Henderson wrote that he thought it was "strange for a news person, especially one from a paper as vocal as the Times about transparency."
"They were all being told, 'You all just lost your job. We are shutting you down, and we now own you.' I was emailing my editor Dennis Joyce and saying 'I'm really sorry, this is terrible news, but do you want my story?,'" San Felice told CL. Joyce, who went on to work at the Times and is still there as assistant metro editor, replied.
"He was like, 'There is no Tampa Tribune.' I think that was my last email to my editor," San Felice added. "'There's no more Tampa Tribune, good luck.' It was just devastating."
"Tash also didn't allow the Tribune the common courtesy of printing a farewell edition, a completely classless move. He said he didn't believe in long goodbyes," Henderson added. "In one of the most callous statements I can recall, Tash would later say that sometimes bad things must happen, so good things can. Too bad, so sad, all you now-unemployed Tribune suckers."
"I would not have done that differently. And I've heard that criticism, but I've never heard the criticism from anybody in the community. I've never heard that criticism from a reader. I've only heard it from former Tribune staffers. I've never heard that from a reader," Tash told CL. "And I've never heard that we treated the Tribune or its people badly through that difficult transition. In fact, we treated the Tribune employees—not just in news but in a lot of places—with dignity and compassion."
Paper and people
Exactly 1,768 days later, Tash watched the Times' own printing plant complete its final paper. Roughly 150 people lost their jobs that night. The $21 million sale of the plant built in the late-1950s transferred ownership of the building and land beneath it to vulturistic global hedge fund Alden. Tash called the plant's last run one of the saddest days of his career.
"I felt keenly the passing of a great era of newspaper printing and production when those wonderful machines would rumble every day. But the world is going digital, and the pandemic accelerated those trends very, very much," he said.
Eight months after that, Tash sent employees a letter mentioning a federal Pension Benefit Guaranty Corporation (PBGC) takeover of the Times pension plan after the paper's parent company was unable to pay the benefits. At the time, a spokesperson for the Times told CL that the Times employed about 350 people across all departments and that 143 staffers were currently affected by PBGC's assumption of the pension. The letter explained that feds, not the Times, would begin to pay the pension benefits in the coming weeks and that the Times had paid PBGC $17.4 million since 2009 to insure the pensions in exchange for a promise that PBGC would back the Times pension if needed.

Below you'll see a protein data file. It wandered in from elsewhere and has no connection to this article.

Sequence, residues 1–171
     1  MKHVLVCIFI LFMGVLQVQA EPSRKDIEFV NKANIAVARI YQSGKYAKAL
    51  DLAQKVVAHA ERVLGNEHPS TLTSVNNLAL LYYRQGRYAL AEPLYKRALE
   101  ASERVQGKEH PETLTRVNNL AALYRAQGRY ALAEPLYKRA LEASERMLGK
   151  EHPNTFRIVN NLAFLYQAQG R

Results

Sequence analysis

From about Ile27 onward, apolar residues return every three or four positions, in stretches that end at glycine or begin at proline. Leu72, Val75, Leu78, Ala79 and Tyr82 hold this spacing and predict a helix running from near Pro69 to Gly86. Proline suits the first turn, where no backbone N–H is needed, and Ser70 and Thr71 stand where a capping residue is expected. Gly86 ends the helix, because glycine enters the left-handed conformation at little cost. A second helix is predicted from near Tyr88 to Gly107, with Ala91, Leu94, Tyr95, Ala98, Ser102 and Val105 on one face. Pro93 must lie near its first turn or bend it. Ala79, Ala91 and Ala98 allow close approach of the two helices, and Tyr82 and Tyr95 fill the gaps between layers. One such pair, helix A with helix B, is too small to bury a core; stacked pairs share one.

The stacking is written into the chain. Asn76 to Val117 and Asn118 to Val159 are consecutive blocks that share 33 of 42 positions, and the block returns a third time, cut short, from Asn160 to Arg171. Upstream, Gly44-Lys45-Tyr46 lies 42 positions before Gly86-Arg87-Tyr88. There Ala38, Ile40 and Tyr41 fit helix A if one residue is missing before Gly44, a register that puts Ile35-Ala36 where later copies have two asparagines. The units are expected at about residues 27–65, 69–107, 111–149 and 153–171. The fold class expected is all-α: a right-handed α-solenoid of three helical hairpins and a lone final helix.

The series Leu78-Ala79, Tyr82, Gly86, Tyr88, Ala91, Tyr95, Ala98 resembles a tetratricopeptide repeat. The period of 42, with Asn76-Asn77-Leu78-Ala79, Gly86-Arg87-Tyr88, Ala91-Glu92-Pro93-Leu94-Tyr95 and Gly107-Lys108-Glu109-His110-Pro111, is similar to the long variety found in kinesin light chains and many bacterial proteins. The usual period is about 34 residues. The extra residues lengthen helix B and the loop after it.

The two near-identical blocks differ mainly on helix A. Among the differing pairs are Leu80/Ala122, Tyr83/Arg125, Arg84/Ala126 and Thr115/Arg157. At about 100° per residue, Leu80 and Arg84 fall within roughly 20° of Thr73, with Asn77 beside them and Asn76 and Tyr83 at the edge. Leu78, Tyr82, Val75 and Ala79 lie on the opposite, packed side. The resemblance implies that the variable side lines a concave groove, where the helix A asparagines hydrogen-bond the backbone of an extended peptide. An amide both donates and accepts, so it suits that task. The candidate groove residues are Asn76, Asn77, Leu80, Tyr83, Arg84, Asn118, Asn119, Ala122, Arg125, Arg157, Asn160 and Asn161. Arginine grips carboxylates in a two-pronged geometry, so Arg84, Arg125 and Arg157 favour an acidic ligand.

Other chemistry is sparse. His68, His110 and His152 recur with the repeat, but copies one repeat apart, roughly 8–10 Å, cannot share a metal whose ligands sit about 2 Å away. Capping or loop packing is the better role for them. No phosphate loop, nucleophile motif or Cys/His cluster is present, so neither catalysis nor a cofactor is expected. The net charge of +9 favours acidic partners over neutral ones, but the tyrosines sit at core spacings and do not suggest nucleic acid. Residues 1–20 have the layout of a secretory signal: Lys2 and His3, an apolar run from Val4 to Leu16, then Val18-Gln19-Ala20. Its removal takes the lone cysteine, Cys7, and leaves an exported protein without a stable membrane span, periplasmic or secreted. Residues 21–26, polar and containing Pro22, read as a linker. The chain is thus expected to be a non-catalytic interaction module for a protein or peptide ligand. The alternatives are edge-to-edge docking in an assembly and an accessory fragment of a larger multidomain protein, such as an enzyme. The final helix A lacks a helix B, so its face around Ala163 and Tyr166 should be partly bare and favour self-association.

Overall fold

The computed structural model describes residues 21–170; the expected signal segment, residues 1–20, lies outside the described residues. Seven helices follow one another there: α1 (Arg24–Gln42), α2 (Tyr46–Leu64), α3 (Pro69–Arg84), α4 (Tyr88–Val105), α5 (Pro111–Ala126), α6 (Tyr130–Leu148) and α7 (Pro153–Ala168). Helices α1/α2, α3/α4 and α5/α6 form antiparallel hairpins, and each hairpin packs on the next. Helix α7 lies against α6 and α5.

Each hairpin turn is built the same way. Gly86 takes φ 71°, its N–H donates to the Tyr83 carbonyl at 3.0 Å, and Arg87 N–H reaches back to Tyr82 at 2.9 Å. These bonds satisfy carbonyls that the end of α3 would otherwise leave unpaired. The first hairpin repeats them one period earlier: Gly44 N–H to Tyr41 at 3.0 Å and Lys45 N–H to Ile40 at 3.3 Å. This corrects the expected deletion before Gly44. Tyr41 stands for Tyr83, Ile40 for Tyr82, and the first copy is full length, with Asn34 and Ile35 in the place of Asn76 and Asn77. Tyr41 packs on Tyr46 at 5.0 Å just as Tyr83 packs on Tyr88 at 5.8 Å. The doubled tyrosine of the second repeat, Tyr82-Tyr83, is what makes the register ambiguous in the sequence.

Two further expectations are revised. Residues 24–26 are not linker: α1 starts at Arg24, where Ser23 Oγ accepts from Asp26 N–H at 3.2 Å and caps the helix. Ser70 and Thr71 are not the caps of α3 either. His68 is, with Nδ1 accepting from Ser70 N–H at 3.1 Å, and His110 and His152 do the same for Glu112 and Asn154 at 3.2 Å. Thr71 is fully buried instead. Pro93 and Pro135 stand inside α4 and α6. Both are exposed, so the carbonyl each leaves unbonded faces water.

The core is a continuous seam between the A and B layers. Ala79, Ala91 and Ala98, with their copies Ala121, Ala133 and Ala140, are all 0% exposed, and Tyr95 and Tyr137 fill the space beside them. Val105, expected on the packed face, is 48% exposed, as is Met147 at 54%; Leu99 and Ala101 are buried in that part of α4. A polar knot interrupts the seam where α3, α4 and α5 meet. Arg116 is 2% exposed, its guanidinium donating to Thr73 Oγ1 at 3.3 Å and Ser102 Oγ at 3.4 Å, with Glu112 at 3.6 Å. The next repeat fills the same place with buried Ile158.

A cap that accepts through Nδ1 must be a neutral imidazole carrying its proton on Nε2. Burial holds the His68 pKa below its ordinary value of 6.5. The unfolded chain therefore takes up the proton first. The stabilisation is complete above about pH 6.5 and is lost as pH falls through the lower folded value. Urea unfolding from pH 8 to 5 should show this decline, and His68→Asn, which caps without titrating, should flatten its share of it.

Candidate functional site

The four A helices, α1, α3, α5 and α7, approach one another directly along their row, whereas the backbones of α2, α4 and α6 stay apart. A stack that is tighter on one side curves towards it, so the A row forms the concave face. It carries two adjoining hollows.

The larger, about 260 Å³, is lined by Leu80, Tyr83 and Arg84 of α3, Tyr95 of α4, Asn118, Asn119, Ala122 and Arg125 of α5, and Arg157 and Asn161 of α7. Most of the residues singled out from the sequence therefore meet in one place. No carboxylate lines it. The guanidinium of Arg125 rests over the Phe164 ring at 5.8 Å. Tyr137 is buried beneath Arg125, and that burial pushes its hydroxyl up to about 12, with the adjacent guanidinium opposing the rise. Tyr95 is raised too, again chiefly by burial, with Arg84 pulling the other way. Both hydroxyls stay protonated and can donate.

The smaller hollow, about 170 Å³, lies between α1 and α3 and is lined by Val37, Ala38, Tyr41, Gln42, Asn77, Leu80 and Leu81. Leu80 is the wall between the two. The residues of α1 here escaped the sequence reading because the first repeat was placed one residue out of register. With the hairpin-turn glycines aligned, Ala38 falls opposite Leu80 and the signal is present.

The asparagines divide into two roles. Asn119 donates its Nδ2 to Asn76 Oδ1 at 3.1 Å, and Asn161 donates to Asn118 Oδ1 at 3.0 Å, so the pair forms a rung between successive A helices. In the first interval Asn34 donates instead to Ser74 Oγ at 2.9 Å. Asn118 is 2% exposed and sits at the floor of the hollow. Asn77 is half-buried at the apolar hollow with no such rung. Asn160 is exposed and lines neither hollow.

"That time has come," Tash wrote, adding that "due to factors out of the Times' control, our pension is underfunded by approximately $100 million, and it would not be possible for the Times to fully fund the plan." Florida Politics pointed out that PBGC liens against the Times total more than $103 million.
The pension fund development, a signal of financial distress, came after news that the printing plant sale would help pay back investors who contributed to a $15 million loan to help float the Times. The group was called FBN Partners, for "Florida's Best Newspaper."
Last year, the Times editorial board, of which Tash is a member, came under fire for its full-throated endorsement of a new Rays stadium in Ybor City. One of the editorials didn't mention that the prospect of a new stadium moving to Ybor directly benefits Darryl Shaw, who was among those who loaned money to the Times. The board's also been soft of Lightning owner Jeff Vinik, another FBN partner.
"What drove the sale of the plant was the economic realities and the public health realities of the pandemic, not the need to repay that loan before I retired," Tash countered. "I would have been thrilled to see those presses humming every night of the week long past my own retirement."
Tash pegged the plant's sale on a "relentless logic." The world stopped and Times advertising cratered. That meant bi-weekly printing, which left Tash with an underused plant that either had to start printing for other publications or move elsewhere.
"Gannett was disinclined and other publishers were disinclined to come to us," Tash said. "Once that printing is placed somewhere else, then that means that the plant should be sold rather than sit empty as an unproductive asset."
But the loan from local bigwigs— with some investors remaining anonymous to this day—is just a slice of the tension during Tash's tenure at the Times.
Over the last few years reporting about the Times, CL has talked to at least a dozen current and former staffers; none have ever gone on record to talk about the culture and general atmosphere at the paper, and only a handful have ever provided insight on background.